Over the last few years Indian football team players have been equivocal about the lack of infrastructure plaguing the progress of the beautiful game in the country. Up until 2015, the country did not have a single stadium that was up to the marker laid down by the FIFA. Only a year before 2017 U-17 FIFA World Cup, FIFA gave grading to several stadiums, including the host stadiums for the tournament in Delhi, Guwahati, Margao, Navi Mumbai, Kochi, and Kolkata. However, majority of the domestic stadiums are still way behind the standard set by FIFA deemed fit to play, while situation at grassroot level in the country is more pitiable, with no proper structures or training facilities available to the younger breed of footballers in the country. It sometimes forces players to switch to an alternate as it becomes really difficult to survive as a player without proper infrastructure for training or rehabilitation. The condition of the other stadiums is deplorable with distorted grounds, below-par spectator amenities, and dressing room facilities due to lack of funds from central and state governments.
Lack of Media Coverage
Media plays a quintessential role in spreading awareness among the masses, the popularity or the reach of a particular sport depends on the media coverage being provided to it. Over the years, the Indian media has played an instrumental role in promoting the sports of cricket and its rising popularity, with multi-billion dollar deals for coverage of domestic and international cricket matches. However, other sports including football have not been able to reap in the benefits of media coverage, as even today a lot of areas in the country do not get a chance to watch the live matches of Indian football team. The lack media attention and coverage has dampened the growth of football in India, as many of the people are not even aware of the names of the player representing the country, except for a few players. Compared to Western media where every sports gets an equal coverage, Indian media is still centred around cricket, although, things have started to improve in the recent years.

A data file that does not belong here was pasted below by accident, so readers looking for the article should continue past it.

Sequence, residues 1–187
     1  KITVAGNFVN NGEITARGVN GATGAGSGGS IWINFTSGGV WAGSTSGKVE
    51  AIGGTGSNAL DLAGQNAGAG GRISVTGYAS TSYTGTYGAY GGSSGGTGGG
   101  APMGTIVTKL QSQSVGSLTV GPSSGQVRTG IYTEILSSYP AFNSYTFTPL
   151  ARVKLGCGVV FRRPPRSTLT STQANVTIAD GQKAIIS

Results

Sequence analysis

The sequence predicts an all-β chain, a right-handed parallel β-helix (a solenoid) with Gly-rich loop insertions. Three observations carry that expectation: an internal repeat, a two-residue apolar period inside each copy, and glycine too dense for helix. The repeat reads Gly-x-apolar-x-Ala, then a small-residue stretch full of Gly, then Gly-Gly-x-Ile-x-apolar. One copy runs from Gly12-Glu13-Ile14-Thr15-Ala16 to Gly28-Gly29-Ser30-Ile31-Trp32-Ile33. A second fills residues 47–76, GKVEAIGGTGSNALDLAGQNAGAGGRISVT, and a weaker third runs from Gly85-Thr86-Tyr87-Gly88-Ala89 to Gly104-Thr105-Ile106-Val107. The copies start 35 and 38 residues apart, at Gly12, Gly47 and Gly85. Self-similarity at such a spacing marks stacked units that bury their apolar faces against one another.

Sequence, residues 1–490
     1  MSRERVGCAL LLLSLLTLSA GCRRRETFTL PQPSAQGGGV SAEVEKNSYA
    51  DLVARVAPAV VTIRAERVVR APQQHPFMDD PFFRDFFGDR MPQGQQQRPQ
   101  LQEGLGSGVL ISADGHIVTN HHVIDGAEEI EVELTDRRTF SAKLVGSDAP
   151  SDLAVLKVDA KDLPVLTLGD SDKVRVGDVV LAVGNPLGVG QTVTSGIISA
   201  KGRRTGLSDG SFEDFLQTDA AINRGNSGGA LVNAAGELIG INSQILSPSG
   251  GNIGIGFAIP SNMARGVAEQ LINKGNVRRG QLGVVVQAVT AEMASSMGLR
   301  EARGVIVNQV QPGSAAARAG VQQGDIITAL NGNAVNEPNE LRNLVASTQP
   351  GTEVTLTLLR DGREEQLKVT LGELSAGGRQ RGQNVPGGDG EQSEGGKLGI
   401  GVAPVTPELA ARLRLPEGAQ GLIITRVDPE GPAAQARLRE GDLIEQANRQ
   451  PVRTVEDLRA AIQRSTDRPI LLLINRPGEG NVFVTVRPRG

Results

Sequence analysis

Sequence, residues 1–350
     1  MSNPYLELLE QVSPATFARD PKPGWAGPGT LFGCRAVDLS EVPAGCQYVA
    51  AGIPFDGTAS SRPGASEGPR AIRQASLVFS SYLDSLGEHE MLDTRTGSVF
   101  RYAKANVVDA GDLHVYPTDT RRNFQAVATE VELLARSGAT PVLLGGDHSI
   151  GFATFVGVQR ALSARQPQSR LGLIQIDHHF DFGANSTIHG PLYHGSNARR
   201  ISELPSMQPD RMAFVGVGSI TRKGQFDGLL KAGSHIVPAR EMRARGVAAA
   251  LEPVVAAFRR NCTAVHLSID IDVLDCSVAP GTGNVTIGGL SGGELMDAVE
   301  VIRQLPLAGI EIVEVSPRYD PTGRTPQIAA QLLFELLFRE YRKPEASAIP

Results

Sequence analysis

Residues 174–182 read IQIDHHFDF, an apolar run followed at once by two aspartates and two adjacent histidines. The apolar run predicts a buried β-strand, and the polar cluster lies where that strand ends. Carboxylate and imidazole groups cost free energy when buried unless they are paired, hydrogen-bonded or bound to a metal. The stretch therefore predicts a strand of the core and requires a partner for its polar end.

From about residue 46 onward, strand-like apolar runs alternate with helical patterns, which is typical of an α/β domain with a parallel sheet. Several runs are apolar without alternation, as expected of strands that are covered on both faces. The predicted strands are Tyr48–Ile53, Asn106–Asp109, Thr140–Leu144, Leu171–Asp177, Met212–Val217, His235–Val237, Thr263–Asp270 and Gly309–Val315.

Youth Development Programmes
India has plethora of untapped young talent, that, if nurtured with proper coaching and state-of-the-art facilities can turn out to be world-beaters. But, sadly the lack of youth development programmes in the I-League clubs as well as other clubs have suffocated the aspirations and dreams of millions of youngsters. The Western countries ensure that clubs have youth development programmes as it gives the local young and nurturing talents a platform to launch themselves into the big foray, while helping in promoting the young talent pool.
The Road Ahead
Indian football has been on the rise since last 3-4 years, specially with the country’s FIFA ranking currently stands at 97 along with the inception of Indian Super League. People have started paying more attention to the game that was once neglected, the influx of investment has helped Indian Football’s cause. The gradual improvement can be reflected upon the National team’s performance and the growing popularity of the ISL clubs. Football is fast emerging as a sporting alternate in areas that were predominantly inclined towards cricket. The AIFF in collaboration with FIFA and several other stakeholders are ensuring that the “sleeping giant” is well and truly out of its slumber, and be competing at global level. Although, the country missed out on the opportunity to be on the plane to Russia for 2018 edition of FIFA World Cup, but with the impetus the game is receiving now it is a matter of time, when the Blue Brigade will leading the country to the grandest stage of them all.